Half our life is spent on internal accountability-talking about whether this or that piece of student work is good enough,” says Paul Schwarz, co-principal of Central Park East Secondary School (CPESS) in New York City. “But because we gave up using standardized tests and the accumulation of Carnegie units in favor of exhibitions and portfolios as a way to graduate kids from school, we had to worry about external accountability, too.” The school has solved that problem in the most direct way possible-by opening its doors to well-informed outsiders, who look at student work and judge whether it meets their own graduation standards.
“Schools and teachers are not used to doing this,” Schwarz says. “It’s very frightening, to hand over a piece of work and say, ‘Would you have passed this in your school? How would you grade it?'”
CPESS started by asking nine professors from local colleges and universities to visit the school and review the writing quality of five portfolio items in the presence of the staff. “Their ratings and ours were very much in sync,” Schwarz says. “We’ve done it now in history and math as well, and we’ve found the same thing.” More important, the discussion among visitors and staff afterward always turned to curriculum-why certain papers were assigned, how to narrow topics usefully, the role of students in choosing work they cared about.
Next the school decided to look at the entire body of a student’s work. “Just because a kid was strong in math or writing didn’t necessarily mean they were strong in other areas,” Schwarz says. “Together the staff and perhaps a couple of outsiders put all fourteen graduation portfolios on the table and asked what it told us. Were we proud to have graduated this kid? Did we have enough evidence?” The process was incomplete, Schwarz says, because it lacked a key element of CPESS’s “graduation by exhibition”-seeing the actual student present and defend the portfolio work before a graduation committee.
Finally, in May 1993 the staff invited some fifteen outside “critical friends” for a day of graduation portfolio review. Schwarz lists them off: “Three teachers from traditional public schools in New York City, three state education department people, some principals of comprehensive high schools, some principals and teachers from our sister schools, a couple of foundation people, and a few outside experts like Columbia’s Linda Darling-Hammond, Harvard’s Dennie Wolf, and Brown’s Joe McDonald.”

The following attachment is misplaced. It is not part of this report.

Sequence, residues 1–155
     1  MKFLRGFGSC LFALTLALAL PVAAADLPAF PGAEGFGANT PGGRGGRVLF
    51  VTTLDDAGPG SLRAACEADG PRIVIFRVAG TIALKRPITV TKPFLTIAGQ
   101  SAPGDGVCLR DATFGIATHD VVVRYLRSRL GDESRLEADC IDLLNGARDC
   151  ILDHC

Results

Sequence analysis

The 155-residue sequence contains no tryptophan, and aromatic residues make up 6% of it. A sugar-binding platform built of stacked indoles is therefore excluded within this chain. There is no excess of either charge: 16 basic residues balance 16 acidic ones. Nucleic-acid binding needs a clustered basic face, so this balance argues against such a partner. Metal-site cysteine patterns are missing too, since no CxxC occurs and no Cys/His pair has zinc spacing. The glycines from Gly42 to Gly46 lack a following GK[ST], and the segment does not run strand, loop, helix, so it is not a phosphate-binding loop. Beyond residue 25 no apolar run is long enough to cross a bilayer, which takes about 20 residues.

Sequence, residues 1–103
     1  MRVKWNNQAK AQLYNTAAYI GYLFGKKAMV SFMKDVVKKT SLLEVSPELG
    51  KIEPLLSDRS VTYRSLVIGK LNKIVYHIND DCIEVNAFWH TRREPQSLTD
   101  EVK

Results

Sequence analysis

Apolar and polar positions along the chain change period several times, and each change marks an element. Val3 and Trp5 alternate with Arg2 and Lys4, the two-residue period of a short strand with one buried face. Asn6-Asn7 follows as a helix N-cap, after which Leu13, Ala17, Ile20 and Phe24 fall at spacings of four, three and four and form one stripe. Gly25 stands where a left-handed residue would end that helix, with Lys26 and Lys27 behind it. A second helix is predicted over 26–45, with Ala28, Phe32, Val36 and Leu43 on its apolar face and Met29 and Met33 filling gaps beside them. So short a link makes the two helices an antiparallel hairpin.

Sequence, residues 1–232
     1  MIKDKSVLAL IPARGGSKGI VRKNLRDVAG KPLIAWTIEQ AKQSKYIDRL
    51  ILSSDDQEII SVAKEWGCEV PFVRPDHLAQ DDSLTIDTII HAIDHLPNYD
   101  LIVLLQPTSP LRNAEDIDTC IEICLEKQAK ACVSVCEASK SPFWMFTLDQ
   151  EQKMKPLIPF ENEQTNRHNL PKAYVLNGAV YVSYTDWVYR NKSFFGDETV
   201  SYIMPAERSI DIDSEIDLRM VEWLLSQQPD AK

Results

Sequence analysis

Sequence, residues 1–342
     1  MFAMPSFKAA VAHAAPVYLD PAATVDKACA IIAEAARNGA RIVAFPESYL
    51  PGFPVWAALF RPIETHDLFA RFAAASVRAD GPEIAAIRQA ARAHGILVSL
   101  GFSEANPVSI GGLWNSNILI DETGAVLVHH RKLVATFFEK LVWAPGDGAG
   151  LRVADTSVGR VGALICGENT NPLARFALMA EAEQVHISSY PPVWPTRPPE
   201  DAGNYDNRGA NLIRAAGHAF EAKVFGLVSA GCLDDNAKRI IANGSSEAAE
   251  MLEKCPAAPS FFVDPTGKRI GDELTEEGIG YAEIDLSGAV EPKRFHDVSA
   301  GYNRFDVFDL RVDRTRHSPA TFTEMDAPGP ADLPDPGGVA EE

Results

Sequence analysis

In a complicated round robin, the visitors inspected three or four complete graduation portfolios (“one who barely passed, one in the middle, one very strong”), interviewed students of comparable achievement (two seniors and one recent graduate) about their skills, and watched videotapes of students defending their work. They talked to teachers about academic requirements and to co-principals Schwarz and Deborah Meier about the structure of the school, and finally they offered their own critique and recommendations.
“The group agreed that our graduation process generated plenty of evidence on which to grant diplomas in New York State,” Schwarz says. “They raised some important issues about quality: for instance, should we require one paper to be perfect in form? Different people had different perspectives-the principal of a comprehensive high school in Brooklyn would react one way, and someone whose daughter goes a private school another way.”
The whole event served, this principal says, to satisfy the school’s obligation to share its curriculum and assessment with others and get critical feedback. “We want to open the process of standard setting to the outside world- to let people look at what kids are really doing,” he says. “As one of the pioneers in performance assessment, we’ve embarked on a serious accountability process.”
(The school has produced a 30-minute film on the CPESS graduation exhibition process; it will be available for viewing at the annual CES Fall Forum in November 1993.)